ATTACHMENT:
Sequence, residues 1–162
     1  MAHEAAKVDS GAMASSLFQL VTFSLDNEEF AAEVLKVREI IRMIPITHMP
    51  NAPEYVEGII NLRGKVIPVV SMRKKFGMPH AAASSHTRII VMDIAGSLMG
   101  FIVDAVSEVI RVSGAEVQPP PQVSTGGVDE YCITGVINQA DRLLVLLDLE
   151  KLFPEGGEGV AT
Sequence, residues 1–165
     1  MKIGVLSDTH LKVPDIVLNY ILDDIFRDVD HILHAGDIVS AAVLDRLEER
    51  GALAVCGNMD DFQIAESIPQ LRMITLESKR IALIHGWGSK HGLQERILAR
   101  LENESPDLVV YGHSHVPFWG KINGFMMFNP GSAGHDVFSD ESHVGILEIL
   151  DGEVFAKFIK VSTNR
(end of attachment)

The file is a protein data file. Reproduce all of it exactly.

Sequence, residues 1–162
     1  MAHEAAKVDS GAMASSLFQL VTFSLDNEEF AAEVLKVREI IRMIPITHMP
    51  NAPEYVEGII NLRGKVIPVV SMRKKFGMPH AAASSHTRII VMDIAGSLMG
   101  FIVDAVSEVI RVSGAEVQPP PQVSTGGVDE YCITGVINQA DRLLVLLDLE
   151  KLFPEGGEGV AT
Sequence, residues 1–165
     1  MKIGVLSDTH LKVPDIVLNY ILDDIFRDVD HILHAGDIVS AAVLDRLEER
    51  GALAVCGNMD DFQIAESIPQ LRMITLESKR IALIHGWGSK HGLQERILAR
   101  LENESPDLVV YGHSHVPFWG KINGFMMFNP GSAGHDVFSD ESHVGILEIL
   151  DGEVFAKFIK VSTNR